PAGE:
Q.     This past 4th of July, it was widely reported that New York Giants defensive star Jason Pierre Paul (“JPP”) suffered injuries to his hands in a fireworks mishap.  The Giants and JPP have been engaged in contract negotiations this summer.  As you can imagine, JPP’s health is critical in assessing his continued value to his team.  Additionally, the Giants may need to know about JPP’s health in order to make other roster moves to secure an effective backup, which they will desperately need if they are to have any chance at stopping their division rival, the Dallas Cowboys, this season.[1]  In an attempt to gather more information, the Giants sent their athletic trainer to visit JPP at the hospital.  However, it sounds like JPP is not talking. Aren’t the Giants simply an employer and, therefore, limited to the types of medical questions they can ask an employee? (We understand they are not exactly like other employers – their employees are generally very large and very well compensated).

A.     There are indeed rules that limit an employer’s ability to ask their employees medically-related inquiries.  These rules can be found in Title I of the Americans with Disabilities Act of 1990 (“ADA”).  The types of questions that can be asked depend on the stage of the employment relationship.  The stages of employment are broken down as follows: (1) prior to an offer of employment; (2) after a conditional offer has been made; or (3) after employment begins.

Prior to an offer, no disability-related questions are permitted.  After a conditional offer, disability-related inquiries are proper so long as it is consistent for all new hires.  Once employment begins an employer may only make disability related inquiries if they are job related and consistent with a business necessity and the inquiry is based on “a reasonable belief, based on objective evidence, that: (1) an employee’s ability to perform the essential job function will be impaired by a medical condition; or (2) an employee will pose a direct threat due to a medical condition.”  The “reasonable belief” may be based on observed performance problems that are reasonably consistent with a medical condition, or based on reliable information by a credible third party.  See http://www.eeoc.gov/policy/docs/guidance-inquiries.html.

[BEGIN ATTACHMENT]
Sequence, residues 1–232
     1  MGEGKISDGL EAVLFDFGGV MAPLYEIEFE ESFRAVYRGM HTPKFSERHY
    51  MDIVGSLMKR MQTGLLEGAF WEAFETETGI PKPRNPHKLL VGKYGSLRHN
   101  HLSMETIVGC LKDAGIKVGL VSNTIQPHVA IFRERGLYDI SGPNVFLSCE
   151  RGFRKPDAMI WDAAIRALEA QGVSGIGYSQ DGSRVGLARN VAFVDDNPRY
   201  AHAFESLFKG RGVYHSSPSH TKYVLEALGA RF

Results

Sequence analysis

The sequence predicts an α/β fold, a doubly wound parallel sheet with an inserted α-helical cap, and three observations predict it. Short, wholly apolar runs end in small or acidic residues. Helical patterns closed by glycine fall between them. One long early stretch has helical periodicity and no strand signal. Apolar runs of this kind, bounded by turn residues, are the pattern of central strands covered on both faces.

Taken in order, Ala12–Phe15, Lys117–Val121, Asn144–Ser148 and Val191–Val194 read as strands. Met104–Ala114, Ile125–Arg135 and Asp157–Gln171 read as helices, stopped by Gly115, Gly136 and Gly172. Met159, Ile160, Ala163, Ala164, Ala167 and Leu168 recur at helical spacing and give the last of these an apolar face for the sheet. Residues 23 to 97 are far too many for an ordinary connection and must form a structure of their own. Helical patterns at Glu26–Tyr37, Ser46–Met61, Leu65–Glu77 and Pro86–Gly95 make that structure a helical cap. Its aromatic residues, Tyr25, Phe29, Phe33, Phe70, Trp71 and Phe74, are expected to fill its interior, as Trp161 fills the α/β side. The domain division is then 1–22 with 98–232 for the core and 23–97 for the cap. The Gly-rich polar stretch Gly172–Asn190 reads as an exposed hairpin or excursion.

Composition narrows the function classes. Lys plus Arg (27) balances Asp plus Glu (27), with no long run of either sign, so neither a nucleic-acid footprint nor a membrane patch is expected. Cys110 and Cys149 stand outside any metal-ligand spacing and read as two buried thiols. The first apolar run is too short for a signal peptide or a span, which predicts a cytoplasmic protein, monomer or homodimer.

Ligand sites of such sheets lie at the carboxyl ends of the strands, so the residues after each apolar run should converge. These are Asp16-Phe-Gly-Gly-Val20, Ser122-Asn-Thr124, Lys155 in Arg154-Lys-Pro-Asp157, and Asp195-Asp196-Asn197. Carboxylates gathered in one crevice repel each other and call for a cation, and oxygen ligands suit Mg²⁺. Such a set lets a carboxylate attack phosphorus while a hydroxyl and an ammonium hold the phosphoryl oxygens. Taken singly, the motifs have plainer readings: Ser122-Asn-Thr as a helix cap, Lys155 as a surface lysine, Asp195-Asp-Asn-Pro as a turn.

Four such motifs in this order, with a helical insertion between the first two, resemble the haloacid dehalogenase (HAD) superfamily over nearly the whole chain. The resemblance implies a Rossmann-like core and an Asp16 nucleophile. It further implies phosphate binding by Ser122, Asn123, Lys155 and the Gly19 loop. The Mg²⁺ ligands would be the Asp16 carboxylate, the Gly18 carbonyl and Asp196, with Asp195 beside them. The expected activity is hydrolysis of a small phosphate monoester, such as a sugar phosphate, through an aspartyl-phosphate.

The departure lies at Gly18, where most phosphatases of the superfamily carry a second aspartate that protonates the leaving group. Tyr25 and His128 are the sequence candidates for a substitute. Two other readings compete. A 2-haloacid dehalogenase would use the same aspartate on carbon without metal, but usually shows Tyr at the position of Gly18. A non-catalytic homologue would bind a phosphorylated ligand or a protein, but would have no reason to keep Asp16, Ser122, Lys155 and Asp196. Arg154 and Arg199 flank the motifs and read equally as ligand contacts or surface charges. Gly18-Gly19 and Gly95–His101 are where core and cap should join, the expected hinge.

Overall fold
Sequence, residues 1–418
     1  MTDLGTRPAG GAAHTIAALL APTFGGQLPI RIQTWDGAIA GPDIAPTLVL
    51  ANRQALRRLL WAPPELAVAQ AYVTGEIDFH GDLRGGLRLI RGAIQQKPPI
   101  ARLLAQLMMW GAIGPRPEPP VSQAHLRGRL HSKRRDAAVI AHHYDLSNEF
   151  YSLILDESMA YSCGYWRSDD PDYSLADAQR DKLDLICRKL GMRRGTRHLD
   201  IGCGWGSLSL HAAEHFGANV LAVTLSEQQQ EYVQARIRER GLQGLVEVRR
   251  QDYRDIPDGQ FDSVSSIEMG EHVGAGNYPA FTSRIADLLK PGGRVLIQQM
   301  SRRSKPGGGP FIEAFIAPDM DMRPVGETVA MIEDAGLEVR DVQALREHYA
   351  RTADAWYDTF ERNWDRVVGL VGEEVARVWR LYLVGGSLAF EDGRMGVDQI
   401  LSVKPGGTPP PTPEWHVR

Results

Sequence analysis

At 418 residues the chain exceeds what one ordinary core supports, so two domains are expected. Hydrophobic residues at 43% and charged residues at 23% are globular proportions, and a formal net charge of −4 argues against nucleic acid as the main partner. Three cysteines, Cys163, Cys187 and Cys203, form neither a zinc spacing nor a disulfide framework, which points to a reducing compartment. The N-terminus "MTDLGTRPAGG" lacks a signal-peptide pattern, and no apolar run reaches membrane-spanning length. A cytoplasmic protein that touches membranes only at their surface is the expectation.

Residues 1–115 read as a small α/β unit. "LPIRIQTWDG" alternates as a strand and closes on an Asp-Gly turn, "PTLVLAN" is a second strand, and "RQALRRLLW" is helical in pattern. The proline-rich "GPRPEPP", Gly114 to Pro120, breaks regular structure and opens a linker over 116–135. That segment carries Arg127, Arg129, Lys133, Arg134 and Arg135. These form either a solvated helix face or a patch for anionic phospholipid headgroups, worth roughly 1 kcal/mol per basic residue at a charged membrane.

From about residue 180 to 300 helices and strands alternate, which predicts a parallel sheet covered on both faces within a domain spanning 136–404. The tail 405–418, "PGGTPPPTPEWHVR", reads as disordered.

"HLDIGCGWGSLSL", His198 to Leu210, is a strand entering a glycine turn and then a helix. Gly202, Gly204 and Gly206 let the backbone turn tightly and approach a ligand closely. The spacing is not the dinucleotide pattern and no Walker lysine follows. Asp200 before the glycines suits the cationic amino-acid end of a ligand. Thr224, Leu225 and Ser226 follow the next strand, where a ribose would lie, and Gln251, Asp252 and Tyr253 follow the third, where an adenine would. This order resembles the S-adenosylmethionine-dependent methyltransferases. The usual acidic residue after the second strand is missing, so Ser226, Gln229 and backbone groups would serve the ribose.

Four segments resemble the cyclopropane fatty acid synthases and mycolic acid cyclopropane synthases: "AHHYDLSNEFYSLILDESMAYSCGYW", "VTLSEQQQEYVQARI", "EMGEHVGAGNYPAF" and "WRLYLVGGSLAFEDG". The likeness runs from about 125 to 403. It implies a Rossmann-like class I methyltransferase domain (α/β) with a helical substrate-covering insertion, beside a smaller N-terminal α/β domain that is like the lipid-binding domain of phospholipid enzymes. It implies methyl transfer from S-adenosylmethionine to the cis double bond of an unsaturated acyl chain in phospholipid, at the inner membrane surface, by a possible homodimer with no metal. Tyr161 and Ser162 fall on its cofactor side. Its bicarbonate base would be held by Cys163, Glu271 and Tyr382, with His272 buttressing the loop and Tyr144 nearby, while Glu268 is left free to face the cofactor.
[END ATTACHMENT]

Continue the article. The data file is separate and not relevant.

In short, because JPP was an existing employee, the Giants most likely may make disability-related inquiries regarding JPP’s injury because his ability to use his hands to play defense in the NFL would be “job related and consistent with a business necessity” – assuming, of course, that ESPN and other sports news media outlets are a “credible and reliable source.”

But, what can the Giants do in this case, where it has been reported that JPP is refusing to answer any questions about his injury?  This is where it starts to get a little tricky – any discipline or adverse employment action must be based on performance problems – not a failure to respond to medically-related inquiries.  Because it is the off season, the Giants’ hands (no pun intended) appear to be tied.  And, because in the NFL it is most likely that any adverse employment action must be handled pursuant to the binding collective bargaining agreement, the situation will get increasingly complex.

Another interesting wrinkle is whether it could be argued that, because the Giants and JPP are in contract negotiations, JPP actually falls into the first stage of employment – prior to an offer of employment – thus, making any disability-related inquiry improper.  This seems unlikely because he is also on the Giants’ team roster, but his agent may prevent other teams that may want to sign him from asking.

Employee injuries and disabilities can be delicate situations, even when they happen to non-delicate NFL players.  As such, it is always a good idea to familiarize yourself with the law before making medically-related inquiries in your business.  Remember, football players aren’t the only ones with moves – sometimes plaintiffs’ lawyers have a few spin moves, bull rushes, and jukes of their own.   Employers cue D – FENSE chant now.

[1] They would also need a new quarterback, new offensive line, new special teams, extra timeouts, and a twelfth man on the field to stop Dallas from taking the division.  Shameless team plug presented by Dallas Cowboys fan (and BMJ attorney) Diane Coderniz.

This Legal Update / Bulletin is for educational purposes only as well as to give you general information and a general understanding of the law, not to provide specific legal advice. The hypothetical question is posed to illustrate a point and does not contemplate all potential legal considerations This update should not be used as a substitute for competent legal advice from a licensed professional attorney in your state.